DADE CITY — Salvador Jaurequi says that if you can play hand ball, you might make a good boxer. He should know. Jaurequi (pronounced how-decki) is a former fighter who is training another local talent for a much-anticipated heavyweight match in Los Angeles next month.
Jaurequi, 32, is in the process of converting a 10th Street warehouse into the Dade City Boxing Club, which he says will be the area's first Florida Boxing Commission-sanctioned training center. The 2,400-square-foot gym, 1 mile north of Meridian Avenue, already has been retrofitted with equipment and punching bags. Jaurequi goes before the city's community development review board on Wednesday to seek its blessing on the project.
Meanwhile, Jaurequi has taken boxer Terrence Marbra, a former Junior Olympics champion, under his wing. Both are training seven days a week at the unfinished Dade City Boxing Club facility in preparation for a Jan. 13 heavyweight bout in Los Angeles against undefeated Malik Scott.
In a bout last month in Miami, Marbra upset an 11-1 Erik "the Viking" Leander with a knockout punch in the fourth round. Marbra's record since this comeback stands at 6-1 while Malik Scott is 32-0. Jaurequi thinks they've got a shot.
"I respect Scott's record, and he talks a good game," Jaurequi said. "But he doesn't have many knockouts.
"Terrence knows his skills and is in top shape. He has the hunger, a desire to win, that can't be taught. Our goal is to make history together."
Upon opening his boxing center, Jaurequi hopes to draw people to his training venue for recreation, fitness, self-defense and eye-hand-foot coordination. With his own boxing background, Jaurequi said he can evaluate and improve the athletic skills of boxers across the spectrum.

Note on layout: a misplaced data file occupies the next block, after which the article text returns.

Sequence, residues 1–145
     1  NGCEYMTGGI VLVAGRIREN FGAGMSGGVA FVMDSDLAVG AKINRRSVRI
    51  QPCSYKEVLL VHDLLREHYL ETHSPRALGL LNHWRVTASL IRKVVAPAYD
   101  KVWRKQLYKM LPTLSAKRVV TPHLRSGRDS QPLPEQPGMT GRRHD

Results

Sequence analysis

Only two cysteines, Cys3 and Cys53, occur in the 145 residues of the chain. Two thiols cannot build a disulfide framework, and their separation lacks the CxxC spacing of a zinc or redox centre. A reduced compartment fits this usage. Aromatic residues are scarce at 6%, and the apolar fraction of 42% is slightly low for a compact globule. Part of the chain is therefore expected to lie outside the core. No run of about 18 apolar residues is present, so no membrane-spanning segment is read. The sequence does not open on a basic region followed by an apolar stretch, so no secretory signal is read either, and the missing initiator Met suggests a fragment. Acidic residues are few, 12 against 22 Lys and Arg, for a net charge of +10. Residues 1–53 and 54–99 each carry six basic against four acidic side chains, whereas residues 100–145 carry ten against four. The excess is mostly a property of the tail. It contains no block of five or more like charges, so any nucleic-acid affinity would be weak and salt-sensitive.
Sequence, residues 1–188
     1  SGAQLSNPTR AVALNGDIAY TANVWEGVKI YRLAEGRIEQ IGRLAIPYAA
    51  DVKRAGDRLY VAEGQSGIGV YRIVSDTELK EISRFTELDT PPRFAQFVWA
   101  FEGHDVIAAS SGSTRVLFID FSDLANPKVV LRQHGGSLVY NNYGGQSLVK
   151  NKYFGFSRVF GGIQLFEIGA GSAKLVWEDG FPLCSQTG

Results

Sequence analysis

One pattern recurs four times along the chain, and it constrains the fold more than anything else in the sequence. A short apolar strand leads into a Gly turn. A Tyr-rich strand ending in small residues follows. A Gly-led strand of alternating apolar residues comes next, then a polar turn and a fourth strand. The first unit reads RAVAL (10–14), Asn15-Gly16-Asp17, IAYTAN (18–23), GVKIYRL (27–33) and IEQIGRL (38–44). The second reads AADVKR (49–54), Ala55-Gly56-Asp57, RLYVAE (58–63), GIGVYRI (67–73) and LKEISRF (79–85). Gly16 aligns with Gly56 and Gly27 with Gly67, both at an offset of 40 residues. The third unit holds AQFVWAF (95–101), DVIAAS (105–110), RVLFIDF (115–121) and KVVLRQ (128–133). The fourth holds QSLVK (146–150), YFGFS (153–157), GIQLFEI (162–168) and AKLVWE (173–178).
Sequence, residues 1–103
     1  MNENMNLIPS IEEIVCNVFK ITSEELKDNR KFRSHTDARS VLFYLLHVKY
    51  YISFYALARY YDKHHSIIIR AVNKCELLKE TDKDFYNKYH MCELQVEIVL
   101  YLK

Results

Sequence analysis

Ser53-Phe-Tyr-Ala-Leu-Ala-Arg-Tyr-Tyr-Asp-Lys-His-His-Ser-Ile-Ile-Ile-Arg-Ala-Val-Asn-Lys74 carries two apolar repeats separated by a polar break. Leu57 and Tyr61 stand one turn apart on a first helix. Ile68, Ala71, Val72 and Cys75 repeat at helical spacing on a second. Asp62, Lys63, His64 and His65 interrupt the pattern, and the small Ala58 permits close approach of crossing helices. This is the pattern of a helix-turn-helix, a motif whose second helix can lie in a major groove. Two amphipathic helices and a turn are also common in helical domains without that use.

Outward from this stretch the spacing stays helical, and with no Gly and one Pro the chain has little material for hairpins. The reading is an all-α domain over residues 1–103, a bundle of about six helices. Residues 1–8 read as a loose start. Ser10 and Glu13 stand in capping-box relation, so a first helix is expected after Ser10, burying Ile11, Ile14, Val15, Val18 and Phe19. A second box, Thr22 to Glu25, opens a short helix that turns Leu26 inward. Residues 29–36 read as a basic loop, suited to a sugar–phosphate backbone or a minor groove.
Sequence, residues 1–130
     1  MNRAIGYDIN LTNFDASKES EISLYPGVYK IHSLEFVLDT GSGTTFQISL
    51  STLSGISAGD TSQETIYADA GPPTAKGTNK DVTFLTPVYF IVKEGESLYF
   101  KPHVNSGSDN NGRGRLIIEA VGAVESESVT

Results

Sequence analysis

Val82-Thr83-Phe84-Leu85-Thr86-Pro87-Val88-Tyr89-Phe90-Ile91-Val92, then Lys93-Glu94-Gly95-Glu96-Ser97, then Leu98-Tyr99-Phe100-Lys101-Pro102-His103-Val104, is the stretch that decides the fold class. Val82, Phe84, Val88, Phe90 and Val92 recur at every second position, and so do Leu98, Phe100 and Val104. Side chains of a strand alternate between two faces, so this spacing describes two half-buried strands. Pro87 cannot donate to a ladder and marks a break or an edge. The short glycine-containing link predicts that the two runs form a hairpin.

One of nine children, Jaurequi grew up in Dade City where he started boxing as a 9-year-old under the tutelage of trainer David Baldwin.
"I was pretty aggressive and energetic," Jaurequi said, "They called me the next Rocky."
Jaurequi advanced to the professional level but believes he lacked good management. After a technical knock-out loss in 2005, he hung up his gloves with a 2-2 record. Deciding to concentrate on business, Jaurequi founded Salvadore's Painting. The business thrived over the past six years, expanding with up to 17 employees — giving Jaurequi the financial means to return to his boxing roots.
"I want to make someone else feel special," he said. "I know that I can open a road for the dreams of new prospects."
Jaurequi builds his training on cardio exercises and calisthenics — not bulking up by hitting the weight machines. He's not opposed to a brawling style in the ring. But he said composure and control are the name of the game, physically and mentally.
"Discipline is the key," he said. "Get a hold of yourself. When you get aggravated or frustrated or angry, back up, recompose, take a deep breath and try to do it again."
Jaurequi's most common sideline notes are to keep your hands up and stay away from the ropes and the corners.
He has little patience for athletes who aren't exercising between visits.
"Show up prepared," he said. "This is not day care."
Jaurequi still needs to install a 16-by-16-foot ground sparring ring, a shower area, lockers and an exhaust fan — and of course get the final approvals from the city.
He plans to charge $65 per month for memberships, and eventually plans to sell gloves, hand wraps, jump ropes and head guards.
Jaurequi will have the assistance of veteran fighter Arty Hoffman, who specializes in working with children. If all goes well, Jaurequi hopes to open the boxing center in February, when the cool weather will make it pleasant for people to get their first glimpse of the facility. He has no plans to install air condition at the Dade City Boxing Club.
"If you're not sweating," he said, "you're not doing the job."